Odle stands out as only male among 5 called to the Bar
Standing out as the only male of five applicants who were called to the Bar last Friday, December 4, is new attorney-at-law Adrian Odle.
Odle’s call to Bar of St Vincent and the Grenadines as a Barrister and Solicitor was moved by the Commissioner of Police (COP) Colin John, and seconded by lawyer Maureeze Franklyn.
John assured Justice Brian Cottle, sitting at the High Court, that Odle had completed his Bachelor of Laws degree at the University of the West Indies (UWI) Cave Hill, and his legal education certificate at the Hugh Wooding law school.
In recommending the young man as a fit and proper person to be called, Commissioner John described Odle as hard working and disciplined.
After his application was accepted, the young lawyer moved to take his rightful position before the judge.
Addressing the court, as did his peers before him, he thanked his “Lord and Saviour Jesus Christ for being the guiding light” to his path.
While his father, Superintendent Rev Adrian Odle senior, could not be present, his mother Faith Odle was. “Faith, a fitting name to a faithful mother like mine,” the young man noted, using the words of a poem to express his gratitude to her. Each line of the poem, which began “When you thought I wasn’t looking”, detailed the care of a mother, and the lessons taught along the way.
In thanking both of his parents, Odle summarized, “The contribution of our parents in our life is immeasurable. For all that our parents do for us, there is no way to fully repay them. They expect little more than love from us, but an occasional thank you or acknowledgment to show appreciation, will certainly warm their hearts.”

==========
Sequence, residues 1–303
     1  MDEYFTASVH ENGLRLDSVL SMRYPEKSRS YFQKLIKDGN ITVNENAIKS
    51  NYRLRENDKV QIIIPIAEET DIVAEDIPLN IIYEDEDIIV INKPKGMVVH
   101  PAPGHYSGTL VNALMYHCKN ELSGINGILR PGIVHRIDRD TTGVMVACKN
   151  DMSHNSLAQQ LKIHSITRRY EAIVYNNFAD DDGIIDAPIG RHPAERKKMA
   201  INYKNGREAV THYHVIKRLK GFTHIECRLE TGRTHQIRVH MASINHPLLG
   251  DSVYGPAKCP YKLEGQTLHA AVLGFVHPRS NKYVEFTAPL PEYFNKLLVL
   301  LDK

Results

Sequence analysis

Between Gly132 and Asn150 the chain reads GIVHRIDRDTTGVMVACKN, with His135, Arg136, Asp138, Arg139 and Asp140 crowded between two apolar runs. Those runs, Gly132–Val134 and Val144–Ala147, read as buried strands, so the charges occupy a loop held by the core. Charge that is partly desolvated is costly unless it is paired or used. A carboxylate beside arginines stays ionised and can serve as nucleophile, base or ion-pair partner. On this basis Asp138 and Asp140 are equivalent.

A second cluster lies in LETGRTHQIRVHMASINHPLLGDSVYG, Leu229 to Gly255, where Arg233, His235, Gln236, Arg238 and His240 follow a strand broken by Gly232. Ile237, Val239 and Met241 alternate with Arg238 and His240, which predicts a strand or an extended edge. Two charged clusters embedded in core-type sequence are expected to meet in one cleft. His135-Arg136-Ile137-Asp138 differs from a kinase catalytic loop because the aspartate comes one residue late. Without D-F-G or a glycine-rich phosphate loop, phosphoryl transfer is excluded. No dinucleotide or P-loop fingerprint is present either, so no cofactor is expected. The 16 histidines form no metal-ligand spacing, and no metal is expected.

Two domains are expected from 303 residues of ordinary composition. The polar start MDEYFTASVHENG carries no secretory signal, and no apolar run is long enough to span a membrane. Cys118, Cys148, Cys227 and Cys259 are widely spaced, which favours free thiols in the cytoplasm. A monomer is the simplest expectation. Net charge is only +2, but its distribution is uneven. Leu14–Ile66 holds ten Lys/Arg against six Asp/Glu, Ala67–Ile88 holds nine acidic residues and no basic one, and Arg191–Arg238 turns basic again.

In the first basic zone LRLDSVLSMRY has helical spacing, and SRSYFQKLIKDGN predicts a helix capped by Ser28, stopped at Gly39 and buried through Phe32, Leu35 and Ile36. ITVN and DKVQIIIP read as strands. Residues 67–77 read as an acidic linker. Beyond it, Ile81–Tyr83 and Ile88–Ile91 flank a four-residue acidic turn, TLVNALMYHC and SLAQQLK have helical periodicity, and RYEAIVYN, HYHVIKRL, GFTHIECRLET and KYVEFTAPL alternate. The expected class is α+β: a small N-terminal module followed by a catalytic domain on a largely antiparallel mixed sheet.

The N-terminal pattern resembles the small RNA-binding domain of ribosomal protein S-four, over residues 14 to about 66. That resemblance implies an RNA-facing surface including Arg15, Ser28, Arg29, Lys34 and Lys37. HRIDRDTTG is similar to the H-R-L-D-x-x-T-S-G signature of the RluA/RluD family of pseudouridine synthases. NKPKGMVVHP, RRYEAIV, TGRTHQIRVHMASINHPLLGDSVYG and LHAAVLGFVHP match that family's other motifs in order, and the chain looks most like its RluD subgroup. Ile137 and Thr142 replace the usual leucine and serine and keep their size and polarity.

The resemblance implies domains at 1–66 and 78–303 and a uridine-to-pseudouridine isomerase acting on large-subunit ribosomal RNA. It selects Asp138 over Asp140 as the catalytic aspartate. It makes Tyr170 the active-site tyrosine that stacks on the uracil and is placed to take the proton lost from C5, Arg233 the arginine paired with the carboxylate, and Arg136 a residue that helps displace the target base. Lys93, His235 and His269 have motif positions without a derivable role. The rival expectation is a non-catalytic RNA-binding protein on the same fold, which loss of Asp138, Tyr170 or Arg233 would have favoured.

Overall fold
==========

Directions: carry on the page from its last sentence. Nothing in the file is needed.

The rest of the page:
He also thanked all of the lawyers that helped him.
Odle Jr reflected on the circumstances under which they were being called, in the COVID-19 pandemic.
He noted, “Both new and seasoned attorneys should seek to incorporate the lessons of what we have learned in these last trying months into our practice. We must not forget that we must adjust to changing times and still hold to unchanging principles.”
In referring to the analogy that a flying kite, although raised by the wind, needs a steady hand on the ground, the lawyer reminded, “You have to hold steady to your values – your integrity. It’s your anchor. You let go of that. . .. well, it isn’t long before your kite comes crashing down.
He ended by imploring, “you my learned friends to stay grounded in integrity as we enter the world of the legal profession.”